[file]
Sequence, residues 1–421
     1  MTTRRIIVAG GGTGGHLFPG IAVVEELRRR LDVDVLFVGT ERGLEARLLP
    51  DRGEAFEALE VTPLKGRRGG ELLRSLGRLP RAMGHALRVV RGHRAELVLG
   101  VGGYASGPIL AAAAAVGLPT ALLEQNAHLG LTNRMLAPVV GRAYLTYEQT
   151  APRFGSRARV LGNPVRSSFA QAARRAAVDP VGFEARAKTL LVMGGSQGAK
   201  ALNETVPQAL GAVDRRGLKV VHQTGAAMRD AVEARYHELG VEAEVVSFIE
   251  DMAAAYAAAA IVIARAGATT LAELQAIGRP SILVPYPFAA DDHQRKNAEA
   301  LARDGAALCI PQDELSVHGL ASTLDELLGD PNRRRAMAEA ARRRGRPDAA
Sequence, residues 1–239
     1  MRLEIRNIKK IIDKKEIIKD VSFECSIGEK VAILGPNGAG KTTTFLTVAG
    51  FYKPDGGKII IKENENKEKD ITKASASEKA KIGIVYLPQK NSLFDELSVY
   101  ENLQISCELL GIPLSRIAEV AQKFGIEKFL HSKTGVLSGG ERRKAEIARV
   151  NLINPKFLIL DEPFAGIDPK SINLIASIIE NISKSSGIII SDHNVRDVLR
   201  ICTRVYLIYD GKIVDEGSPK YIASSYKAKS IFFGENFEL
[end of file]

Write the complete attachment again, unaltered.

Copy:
Sequence, residues 1–421
     1  MTTRRIIVAG GGTGGHLFPG IAVVEELRRR LDVDVLFVGT ERGLEARLLP
    51  DRGEAFEALE VTPLKGRRGG ELLRSLGRLP RAMGHALRVV RGHRAELVLG
   101  VGGYASGPIL AAAAAVGLPT ALLEQNAHLG LTNRMLAPVV GRAYLTYEQT
   151  APRFGSRARV LGNPVRSSFA QAARRAAVDP VGFEARAKTL LVMGGSQGAK
   201  ALNETVPQAL GAVDRRGLKV VHQTGAAMRD AVEARYHELG VEAEVVSFIE
   251  DMAAAYAAAA IVIARAGATT LAELQAIGRP SILVPYPFAA DDHQRKNAEA
   301  LARDGAALCI PQDELSVHGL ASTLDELLGD PNRRRAMAEA ARRRGRPDAA
Sequence, residues 1–239
     1  MRLEIRNIKK IIDKKEIIKD VSFECSIGEK VAILGPNGAG KTTTFLTVAG
    51  FYKPDGGKII IKENENKEKD ITKASASEKA KIGIVYLPQK NSLFDELSVY
   101  ENLQISCELL GIPLSRIAEV AQKFGIEKFL HSKTGVLSGG ERRKAEIARV
   151  NLINPKFLIL DEPFAGIDPK SINLIASIIE NISKSSGIII SDHNVRDVLR
   201  ICTRVYLIYD GKIVDEGSPK YIASSYKAKS IFFGENFEL